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The Sea of Cortés is home for countless species of marine plants and animals, forming such a unique ecosystem that it was baptized by Jacques Cousteau as “The Aquarium of the World.” Dotted with underwater mountains and canyons, the Sea of Cortés circulates huge amounts of nutrient-enriched water, producing seasonally heavy plankton blooms which in turn contribute to the massive diversity of tropical and pelagic fish found throughout its waters.
In addition to the Gray Whale calving migration to the three major warm-water lagoons, the Sea of Cortés hosts resident pods of various species of sea mammals including Sperm whales, Orcas, Humpback whales, Blue whales and Fin whales, often visible while sailing in these rich waters. Sea lion colonies and transient gigantic pods of dolphins lure thousands of watersports enthusiasts who congregate in La Paz, attracted by the opportunity of interacting with these friendly creatures. Giant mantas, massive whale sharks and impressive numbers of sharks, especially hammerheads, have made La Paz shine among the best worldwide scuba diving destinations. There are more than 25 first-class dive spots around the many islands surrounding the bay of La Paz, Espíritu Santo, San José and Cerralvo.
The surrounding desert is an intriguing, unique and extremely beautiful ecosystem full of endless surprises. Over centuries, its flora and fauna evolved endemic characteristics due to their relative isolation. Strange looking valleys of sentinel-like cardon, primitive cirios, elephant trees and thorny chollas make for some of the 4,000 different plants that form the spiny green carpet on the sandy earth. Many resident birds and migratory species are found here as they winter and pass by on their migration to southern locations. Hawks, wrens, woodpeckers, the great roadrunner, the Xantus Hummingbird and the Gray Thrasher are common sights. Desert Bighorn, foxes, coyotes, pumas, desert mice and squirrels are abundant.
Thousands of years ago, a primitive tribe of hunters and gatherers created countless rupestrian paintings in caves and gorges depicting life size human figures, hunting scenes, families, animals and even what appear to be extraterrestrials. The largest concentration of this spectacular prehistoric art is found in the Sierra de San Francisco and Guadalupe, however, hiking through the numerous ravines and streambeds of the south allows visitors to discover many of these astonishing sites near La Paz.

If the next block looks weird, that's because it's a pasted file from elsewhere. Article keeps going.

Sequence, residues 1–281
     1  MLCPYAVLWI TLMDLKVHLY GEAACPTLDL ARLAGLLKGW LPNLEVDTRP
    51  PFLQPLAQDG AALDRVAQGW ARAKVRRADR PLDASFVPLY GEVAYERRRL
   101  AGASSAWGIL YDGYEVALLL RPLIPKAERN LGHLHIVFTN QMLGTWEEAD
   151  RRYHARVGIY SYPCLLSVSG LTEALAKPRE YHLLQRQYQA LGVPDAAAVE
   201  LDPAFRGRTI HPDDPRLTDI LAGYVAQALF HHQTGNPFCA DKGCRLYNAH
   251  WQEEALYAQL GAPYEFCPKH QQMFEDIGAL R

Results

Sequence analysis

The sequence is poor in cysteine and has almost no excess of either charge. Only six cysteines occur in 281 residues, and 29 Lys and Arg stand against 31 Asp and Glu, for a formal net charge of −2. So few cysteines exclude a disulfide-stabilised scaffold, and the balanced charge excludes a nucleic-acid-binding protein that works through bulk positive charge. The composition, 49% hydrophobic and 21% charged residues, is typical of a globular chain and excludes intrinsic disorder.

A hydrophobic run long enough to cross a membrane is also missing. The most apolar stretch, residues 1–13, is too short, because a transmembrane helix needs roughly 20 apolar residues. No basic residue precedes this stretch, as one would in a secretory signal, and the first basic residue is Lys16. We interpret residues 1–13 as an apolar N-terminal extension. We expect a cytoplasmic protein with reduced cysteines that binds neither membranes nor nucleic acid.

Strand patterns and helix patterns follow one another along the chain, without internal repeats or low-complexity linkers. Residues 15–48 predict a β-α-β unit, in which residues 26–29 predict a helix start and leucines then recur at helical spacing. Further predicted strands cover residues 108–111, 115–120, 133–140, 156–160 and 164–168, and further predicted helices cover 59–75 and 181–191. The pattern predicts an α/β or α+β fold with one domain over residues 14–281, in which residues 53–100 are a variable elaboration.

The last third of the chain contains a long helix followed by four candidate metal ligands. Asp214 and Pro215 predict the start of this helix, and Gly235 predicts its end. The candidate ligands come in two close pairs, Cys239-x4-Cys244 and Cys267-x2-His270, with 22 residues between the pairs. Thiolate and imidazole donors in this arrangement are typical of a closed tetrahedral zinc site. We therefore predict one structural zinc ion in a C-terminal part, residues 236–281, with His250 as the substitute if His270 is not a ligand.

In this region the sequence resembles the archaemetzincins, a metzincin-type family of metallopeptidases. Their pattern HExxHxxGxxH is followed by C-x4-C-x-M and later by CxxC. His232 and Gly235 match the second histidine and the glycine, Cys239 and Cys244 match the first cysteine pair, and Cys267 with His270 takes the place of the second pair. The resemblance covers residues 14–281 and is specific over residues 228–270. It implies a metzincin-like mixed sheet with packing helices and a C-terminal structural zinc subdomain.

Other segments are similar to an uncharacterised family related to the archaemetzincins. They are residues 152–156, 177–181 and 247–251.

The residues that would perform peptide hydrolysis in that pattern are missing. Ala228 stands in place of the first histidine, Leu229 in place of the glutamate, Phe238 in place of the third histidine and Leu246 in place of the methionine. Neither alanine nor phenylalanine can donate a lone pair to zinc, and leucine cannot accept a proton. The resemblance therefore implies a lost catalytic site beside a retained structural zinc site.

Just south of the city, at the edge of the Tropic of Cancer, stands the Sierra de la Laguna. This mountainous mass, declared a biosphere reserve in June of 1994, rises to an altitude of almost 2,200 meters, encompassing an extraordinary Darwinian paradise of birds and endemic plants. Its climate and vegetation change dramatically relative to the elevation. From sea level to 400 meters, the xerophilous brushwood prevails; from 400 to 1,200 meters, the driest of the semi-arid climates predominates, with the characteristic semi-deciduous forest, scattered with plants not found in other parts of the peninsula. From 1,200 meters to the highest peaks, the temperate climate and the abundance of rainfall favor the undisputed kingdom of pines and piñon-oaks. As you ascend the sierras, the landscape transforms radically, with sudden streams flowing into crystalline pools.

PROTECTED AREAS
N.C. NATURAL PROTECTED AREAS
"Islands of the Gulf of California"
Ocampo 1045 e/Marc Rubio y Verdad
Tel: (612) 128-4170
Fax: (612) 128-4171
email: islaslapaz@prodigy.net.mx